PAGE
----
Commentary with Director Jean-Pierre Jeunet. Jeunet needed a translator when he made Alien: Resurrection, but his English is fluent now, though heavily accented. He speaks quickly, and you have to pay attention, as he identifies locations, points out CGI enhancements, notes contributions by the actors and discusses his influences, which are numerous and diverse (Once Upon a Time in the West had major impact and inspired a particular scene). At one point, Jeunet notes that Micmacs was shot by a different cinematographer than his usual collaborator, Bruno Delbonnel, because Delbonnel was busy filming Harry Potter and the Half-Blood Prince – at which point Jeunet says that he was offered Harry Potter and turned it down, because so much of that visual world had already been invented, leaving him with too little freedom.
The Making of Micmacs (SD; 1.78:1, enhanced for 16:9) (47:22). This documentary won’t make sense unless you’ve seen the film, but if you have, it’s unusually well-crafted and absorbing. Instead of relying on typical techniques of interview or voiceover, the documentary makers use careful shot selection and precise editing to provide a close look at multiple shooting days and locations. You get to see everyone at work, and the documentary neatly conveys a sense of the workaday challenges of making the film, but without succumbing to tedium or triviality. And there are often surprises, such as when Amélie’s Audrey Tautou happens by a location where Jeunet is filming and gives her former director a hard time for making a movie without her.
Q&A with Director Jean-Pierre Jeunet and Actress Julie Ferrier (SD; 1.78:1, enhanced for 16:9) (10:40). This exchange was filmed after a screening at the 2010 Tribeca Film Festival. Jeunet does most of the talking, and the questions cover a broad range of issues. It’s a lively and informative discussion.
Animation: Absurd Deaths (SD; 1.78:1, enhanced for 16:9) (2:14). At several points in the film, the deaths of historical characters are presented in animated form. Here, some of the animations are presented in their constituent elements, starting with a basic sketch.
Trailers. The film’s trailer is presented in HD as a separate extra. At startup the disc plays trailers for Sony 3D technology, Animal Kingdom, Lebanon, Please Give and Get Low. These can be skipped with the chapter forward button, and all but the Sony 3D trailer are available from the Features menu, along with trailers for Mother and Child, Inside Job, The Bridge on the River Kwai, A Woman, a Gun and a Noodle Shop, Tamara Drewe and You Will Meet a Tall Dark Stranger.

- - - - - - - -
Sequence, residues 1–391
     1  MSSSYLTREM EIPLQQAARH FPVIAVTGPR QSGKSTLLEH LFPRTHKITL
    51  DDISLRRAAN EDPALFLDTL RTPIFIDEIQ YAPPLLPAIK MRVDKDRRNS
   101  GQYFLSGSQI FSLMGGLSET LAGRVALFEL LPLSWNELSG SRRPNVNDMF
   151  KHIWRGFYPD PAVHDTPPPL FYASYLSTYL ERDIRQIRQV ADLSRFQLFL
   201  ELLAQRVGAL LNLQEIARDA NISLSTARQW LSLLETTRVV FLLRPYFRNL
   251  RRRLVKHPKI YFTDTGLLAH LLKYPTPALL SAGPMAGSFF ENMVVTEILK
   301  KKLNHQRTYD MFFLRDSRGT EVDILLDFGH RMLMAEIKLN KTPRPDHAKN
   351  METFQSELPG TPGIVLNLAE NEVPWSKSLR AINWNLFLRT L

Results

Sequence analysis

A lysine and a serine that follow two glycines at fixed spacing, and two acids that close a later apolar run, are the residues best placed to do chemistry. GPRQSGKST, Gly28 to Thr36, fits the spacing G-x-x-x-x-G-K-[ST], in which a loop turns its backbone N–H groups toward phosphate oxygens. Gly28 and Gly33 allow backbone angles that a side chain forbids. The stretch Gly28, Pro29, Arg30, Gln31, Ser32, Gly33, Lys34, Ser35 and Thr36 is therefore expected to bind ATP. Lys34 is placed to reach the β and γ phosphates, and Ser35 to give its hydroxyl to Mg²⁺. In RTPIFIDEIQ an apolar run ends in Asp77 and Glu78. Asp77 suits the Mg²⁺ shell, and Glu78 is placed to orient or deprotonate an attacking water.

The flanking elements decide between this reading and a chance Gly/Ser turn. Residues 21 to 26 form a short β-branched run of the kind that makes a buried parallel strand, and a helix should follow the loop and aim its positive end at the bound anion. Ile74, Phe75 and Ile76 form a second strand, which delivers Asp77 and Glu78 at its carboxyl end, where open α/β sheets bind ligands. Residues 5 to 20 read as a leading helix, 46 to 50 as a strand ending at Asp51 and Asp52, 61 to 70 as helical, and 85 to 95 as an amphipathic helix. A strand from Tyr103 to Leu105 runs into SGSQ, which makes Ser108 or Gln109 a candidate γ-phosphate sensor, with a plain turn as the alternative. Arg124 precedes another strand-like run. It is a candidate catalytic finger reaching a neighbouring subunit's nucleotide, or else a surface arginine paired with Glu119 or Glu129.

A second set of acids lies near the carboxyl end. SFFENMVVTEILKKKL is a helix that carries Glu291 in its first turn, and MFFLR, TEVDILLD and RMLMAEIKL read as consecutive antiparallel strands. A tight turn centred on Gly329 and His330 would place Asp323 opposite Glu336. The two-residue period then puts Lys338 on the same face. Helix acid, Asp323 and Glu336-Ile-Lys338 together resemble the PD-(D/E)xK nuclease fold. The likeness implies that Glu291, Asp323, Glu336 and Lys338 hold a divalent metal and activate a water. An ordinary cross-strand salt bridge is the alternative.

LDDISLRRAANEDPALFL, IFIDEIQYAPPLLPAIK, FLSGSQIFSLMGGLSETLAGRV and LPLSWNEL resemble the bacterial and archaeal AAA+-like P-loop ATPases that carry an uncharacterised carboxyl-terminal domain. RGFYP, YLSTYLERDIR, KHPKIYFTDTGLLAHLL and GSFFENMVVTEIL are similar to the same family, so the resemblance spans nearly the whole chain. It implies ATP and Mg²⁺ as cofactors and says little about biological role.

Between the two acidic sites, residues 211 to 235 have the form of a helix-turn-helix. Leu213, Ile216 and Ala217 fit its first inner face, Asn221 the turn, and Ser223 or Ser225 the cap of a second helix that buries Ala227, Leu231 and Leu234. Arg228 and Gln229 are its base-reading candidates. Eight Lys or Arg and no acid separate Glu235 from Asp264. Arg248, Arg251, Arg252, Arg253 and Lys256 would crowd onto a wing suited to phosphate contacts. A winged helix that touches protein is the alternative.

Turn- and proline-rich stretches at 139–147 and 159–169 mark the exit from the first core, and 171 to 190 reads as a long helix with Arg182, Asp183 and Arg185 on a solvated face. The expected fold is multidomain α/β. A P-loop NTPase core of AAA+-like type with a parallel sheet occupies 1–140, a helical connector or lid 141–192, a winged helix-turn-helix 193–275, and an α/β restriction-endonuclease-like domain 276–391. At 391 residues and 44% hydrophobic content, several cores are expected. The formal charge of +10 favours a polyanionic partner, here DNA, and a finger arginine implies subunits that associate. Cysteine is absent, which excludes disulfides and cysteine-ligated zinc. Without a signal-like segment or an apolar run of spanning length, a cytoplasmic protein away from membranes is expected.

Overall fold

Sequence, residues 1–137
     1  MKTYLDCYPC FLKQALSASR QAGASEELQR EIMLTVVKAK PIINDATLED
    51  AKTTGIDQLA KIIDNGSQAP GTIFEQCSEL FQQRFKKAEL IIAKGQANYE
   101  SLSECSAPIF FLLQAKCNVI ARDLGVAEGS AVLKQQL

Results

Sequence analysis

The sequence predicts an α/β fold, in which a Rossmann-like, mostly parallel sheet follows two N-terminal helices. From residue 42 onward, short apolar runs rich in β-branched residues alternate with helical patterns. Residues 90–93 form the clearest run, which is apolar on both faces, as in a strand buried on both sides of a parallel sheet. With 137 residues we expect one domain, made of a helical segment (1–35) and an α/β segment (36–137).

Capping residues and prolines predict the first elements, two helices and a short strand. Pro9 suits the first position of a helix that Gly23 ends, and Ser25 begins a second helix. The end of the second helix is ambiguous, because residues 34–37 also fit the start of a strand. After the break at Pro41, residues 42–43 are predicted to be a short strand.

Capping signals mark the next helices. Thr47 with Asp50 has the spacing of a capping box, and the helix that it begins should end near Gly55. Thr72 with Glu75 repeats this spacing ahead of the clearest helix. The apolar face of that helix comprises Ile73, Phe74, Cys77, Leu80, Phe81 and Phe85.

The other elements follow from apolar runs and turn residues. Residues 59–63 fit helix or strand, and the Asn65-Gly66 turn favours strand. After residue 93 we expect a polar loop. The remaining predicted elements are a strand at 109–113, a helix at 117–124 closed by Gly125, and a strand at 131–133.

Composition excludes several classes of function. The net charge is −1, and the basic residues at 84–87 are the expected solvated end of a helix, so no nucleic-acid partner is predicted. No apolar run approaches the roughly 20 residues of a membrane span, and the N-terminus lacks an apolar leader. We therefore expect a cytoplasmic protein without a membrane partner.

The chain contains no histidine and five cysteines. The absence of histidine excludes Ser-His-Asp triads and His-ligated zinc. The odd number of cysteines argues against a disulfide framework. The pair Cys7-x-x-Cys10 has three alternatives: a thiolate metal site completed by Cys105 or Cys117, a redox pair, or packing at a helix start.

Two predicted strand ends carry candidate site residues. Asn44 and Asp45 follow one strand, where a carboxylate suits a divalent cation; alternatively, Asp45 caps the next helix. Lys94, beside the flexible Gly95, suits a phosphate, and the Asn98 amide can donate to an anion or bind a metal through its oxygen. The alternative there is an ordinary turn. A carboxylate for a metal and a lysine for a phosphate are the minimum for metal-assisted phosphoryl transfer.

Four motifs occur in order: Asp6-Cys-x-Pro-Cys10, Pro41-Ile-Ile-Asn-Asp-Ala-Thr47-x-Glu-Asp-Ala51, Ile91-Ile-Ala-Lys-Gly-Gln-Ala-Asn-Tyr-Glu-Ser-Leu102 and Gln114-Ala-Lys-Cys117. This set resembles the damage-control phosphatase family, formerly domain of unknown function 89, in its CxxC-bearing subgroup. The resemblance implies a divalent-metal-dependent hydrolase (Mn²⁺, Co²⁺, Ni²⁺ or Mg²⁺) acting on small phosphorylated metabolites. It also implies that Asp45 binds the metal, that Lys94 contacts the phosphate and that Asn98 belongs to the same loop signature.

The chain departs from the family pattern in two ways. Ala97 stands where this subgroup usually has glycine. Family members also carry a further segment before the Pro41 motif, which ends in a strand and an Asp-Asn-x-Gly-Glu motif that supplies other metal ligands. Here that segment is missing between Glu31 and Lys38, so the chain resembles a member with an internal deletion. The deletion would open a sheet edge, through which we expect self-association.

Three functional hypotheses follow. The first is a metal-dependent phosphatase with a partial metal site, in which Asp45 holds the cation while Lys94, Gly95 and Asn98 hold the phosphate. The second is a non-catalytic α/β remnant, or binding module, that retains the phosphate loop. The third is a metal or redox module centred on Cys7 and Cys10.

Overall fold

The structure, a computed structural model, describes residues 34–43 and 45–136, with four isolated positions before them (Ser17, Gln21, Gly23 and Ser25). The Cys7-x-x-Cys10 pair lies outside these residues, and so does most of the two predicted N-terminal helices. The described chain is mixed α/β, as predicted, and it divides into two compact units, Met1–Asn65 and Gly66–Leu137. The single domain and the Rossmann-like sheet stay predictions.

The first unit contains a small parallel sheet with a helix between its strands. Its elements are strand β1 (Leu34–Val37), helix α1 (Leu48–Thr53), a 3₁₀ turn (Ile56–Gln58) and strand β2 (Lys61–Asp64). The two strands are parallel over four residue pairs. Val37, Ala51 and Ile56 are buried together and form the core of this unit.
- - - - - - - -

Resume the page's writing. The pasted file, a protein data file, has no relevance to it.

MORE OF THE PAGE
BD-Live. This function was not yet enabled at the time of this review.
Jeunet’s antiwar sentiments were already evident in A Very Long Engagement. (European storytellers usually pick World War I when they want to expose war’s futility.) Using arms dealers as his contemporary villains was a logical next step. There’s a point near the end of Micmacs where a small tear occurs in the film’s cartoonish fabric, and we get a glimpse into the real world. It occurs when the two villains, Marconi and De Fenouillet, are confronted with pictures of children maimed by their weapons, a chilling reminder that their business practices have dreadful consequences. Depending on one’s sensibilities, the scene is either an abrupt shift in tone or a timely reminder that all the fun and games are ultimately about something serious. The latter is an appropriate sentiment for a director who cites A Clockwork Orange as a major influence.
Equipment used for this review:
Panasonic BDP-BD50 Blu-ray player (DTS-HD MA decoded internally and output as analog)
Samsung HL-T7288W DLP display (connected via HDMI)
Lexicon MC-8 connected via 5.1 passthrough
Sunfire Cinema Grand amplifier
Monitor Audio floor-standing fronts and MA FX-2 rears
Boston Accoustics VR-MC center
SVS SB12-Plus sub